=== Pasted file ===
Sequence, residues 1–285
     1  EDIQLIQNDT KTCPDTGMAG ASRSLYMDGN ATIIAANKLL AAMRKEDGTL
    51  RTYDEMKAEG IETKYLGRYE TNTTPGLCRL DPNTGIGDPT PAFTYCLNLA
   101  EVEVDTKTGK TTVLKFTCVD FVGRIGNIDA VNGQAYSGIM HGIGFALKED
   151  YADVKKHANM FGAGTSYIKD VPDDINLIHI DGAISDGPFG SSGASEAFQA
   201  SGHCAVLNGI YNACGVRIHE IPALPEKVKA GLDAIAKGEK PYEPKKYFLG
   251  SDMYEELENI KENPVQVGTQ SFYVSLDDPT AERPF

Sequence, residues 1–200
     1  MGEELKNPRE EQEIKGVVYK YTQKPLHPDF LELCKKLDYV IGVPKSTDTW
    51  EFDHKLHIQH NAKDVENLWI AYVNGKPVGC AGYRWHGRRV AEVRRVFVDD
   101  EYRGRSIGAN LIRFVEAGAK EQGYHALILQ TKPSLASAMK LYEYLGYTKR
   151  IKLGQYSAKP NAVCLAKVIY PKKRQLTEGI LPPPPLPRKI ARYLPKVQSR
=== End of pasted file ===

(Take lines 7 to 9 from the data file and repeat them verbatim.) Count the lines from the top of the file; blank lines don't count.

   251  SDMYEELENI KENPVQVGTQ SFYVSLDDPT AERPF

Sequence, residues 1–200
     1  MGEELKNPRE EQEIKGVVYK YTQKPLHPDF LELCKKLDYV IGVPKSTDTW